Researchers at Kansas State University have completed a study that found strong correlations between leadership and the dopamine transporter gene DAT1. What they found was that individuals with the 10-repete allele in the dopamine transporter were more likely to be in leadership positions. But there’s more to it than just genetics.
The researchers found that people with this allele are prone to leadership positions, but only with the correct environmental factors. They found that many of these people tended toward mild rule breaking in adolescence, things like skipping class occasionally, which helped them to challenge paradigms and develop the skills necessary to succeed in leadership positions. Significant rule breaking and disruptive behavior, such as shootings, did not correlate with leadership positions.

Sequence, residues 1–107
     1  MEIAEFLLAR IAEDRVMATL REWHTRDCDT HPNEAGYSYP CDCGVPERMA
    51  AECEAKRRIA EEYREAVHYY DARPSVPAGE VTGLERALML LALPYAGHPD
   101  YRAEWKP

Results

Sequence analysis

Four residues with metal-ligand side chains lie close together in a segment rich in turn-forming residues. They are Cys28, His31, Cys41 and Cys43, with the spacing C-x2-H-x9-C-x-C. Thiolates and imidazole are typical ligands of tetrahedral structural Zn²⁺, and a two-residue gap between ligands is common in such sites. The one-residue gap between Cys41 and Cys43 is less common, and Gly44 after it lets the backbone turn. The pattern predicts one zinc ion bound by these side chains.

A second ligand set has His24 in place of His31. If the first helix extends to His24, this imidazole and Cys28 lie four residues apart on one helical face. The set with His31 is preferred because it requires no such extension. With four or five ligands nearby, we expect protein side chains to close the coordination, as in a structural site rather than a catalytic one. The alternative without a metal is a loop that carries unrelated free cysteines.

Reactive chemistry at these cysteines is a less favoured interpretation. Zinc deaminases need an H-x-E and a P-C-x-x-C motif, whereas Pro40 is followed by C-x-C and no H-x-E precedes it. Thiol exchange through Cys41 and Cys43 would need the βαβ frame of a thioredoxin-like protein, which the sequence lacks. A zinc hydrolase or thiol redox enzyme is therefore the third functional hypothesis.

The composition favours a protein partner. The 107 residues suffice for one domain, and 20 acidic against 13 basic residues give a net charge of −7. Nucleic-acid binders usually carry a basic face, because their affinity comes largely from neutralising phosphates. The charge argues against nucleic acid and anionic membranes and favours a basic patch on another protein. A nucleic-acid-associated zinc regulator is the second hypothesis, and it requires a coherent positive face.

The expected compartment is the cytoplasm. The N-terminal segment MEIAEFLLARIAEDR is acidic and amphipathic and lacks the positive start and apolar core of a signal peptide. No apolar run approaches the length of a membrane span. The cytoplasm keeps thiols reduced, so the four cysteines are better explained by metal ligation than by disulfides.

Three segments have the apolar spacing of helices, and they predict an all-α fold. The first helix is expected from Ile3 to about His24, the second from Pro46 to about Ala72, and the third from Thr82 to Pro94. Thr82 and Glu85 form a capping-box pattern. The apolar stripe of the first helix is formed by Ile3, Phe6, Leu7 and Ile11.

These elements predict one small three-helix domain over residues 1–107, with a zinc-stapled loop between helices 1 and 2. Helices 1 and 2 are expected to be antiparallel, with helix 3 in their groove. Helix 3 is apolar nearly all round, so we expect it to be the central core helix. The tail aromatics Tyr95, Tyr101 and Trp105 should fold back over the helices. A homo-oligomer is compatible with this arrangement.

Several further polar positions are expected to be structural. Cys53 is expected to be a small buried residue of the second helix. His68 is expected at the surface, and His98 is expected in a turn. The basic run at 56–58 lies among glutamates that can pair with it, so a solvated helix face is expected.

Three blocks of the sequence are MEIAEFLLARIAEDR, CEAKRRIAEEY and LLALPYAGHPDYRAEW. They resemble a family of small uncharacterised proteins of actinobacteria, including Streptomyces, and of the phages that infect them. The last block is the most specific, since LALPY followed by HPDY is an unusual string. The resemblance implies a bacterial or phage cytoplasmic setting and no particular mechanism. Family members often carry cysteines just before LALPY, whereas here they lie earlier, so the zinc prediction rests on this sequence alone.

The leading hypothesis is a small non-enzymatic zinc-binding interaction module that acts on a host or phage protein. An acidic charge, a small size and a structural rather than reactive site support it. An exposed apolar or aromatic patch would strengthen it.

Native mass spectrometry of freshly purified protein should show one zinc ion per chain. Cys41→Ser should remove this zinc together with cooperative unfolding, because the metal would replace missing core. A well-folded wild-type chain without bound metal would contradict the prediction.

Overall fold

On the other hand though, people with this allele often have trouble regulating their own personality, which can make actually working for positive change difficult. Such people have trouble following through, essentially.
So having this specific allele is not a guarantee that a person will become a leader, nor is mild rule breaking a signal of the same. There are too many environmental and historical factors that were not considered in the study. It does seem that the work environment is a big part of it though, and that leadership-inclined individuals need to have their own personalities balanced with others who are perhaps better at following through on ideas. Mild rule breaking may lead to new ideas for how to deal with a problem, but it seems like it requires someone else to take that idea and actually make it happen.
It is also important to note that this study found a correlation, not causation, which means that more evidence and experiments are required. The study was based on numerous samples, but for the hypothesis to be borne out, it would require specific studies with new subjects.